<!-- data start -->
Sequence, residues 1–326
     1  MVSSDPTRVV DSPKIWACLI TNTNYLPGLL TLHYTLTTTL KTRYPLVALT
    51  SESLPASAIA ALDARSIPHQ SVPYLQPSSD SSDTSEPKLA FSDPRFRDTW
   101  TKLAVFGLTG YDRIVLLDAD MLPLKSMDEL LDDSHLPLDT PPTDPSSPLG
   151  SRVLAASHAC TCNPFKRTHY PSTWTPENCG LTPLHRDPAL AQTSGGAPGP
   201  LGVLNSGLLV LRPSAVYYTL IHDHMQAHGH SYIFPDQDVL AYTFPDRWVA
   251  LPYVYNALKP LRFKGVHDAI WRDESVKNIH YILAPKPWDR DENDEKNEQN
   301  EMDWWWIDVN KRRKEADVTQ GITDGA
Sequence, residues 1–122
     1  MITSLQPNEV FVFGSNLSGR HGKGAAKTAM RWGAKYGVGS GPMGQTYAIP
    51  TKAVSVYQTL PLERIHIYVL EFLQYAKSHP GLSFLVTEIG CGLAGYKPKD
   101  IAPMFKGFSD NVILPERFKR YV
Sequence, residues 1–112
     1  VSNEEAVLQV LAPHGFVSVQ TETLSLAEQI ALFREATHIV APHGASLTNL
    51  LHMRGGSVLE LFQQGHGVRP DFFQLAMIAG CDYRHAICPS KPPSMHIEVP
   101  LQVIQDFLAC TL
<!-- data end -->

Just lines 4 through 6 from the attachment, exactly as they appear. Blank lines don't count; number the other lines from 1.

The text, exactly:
   101  TKLAVFGLTG YDRIVLLDAD MLPLKSMDEL LDDSHLPLDT PPTDPSSPLG
   151  SRVLAASHAC TCNPFKRTHY PSTWTPENCG LTPLHRDPAL AQTSGGAPGP
   201  LGVLNSGLLV LRPSAVYYTL IHDHMQAHGH SYIFPDQDVL AYTFPDRWVA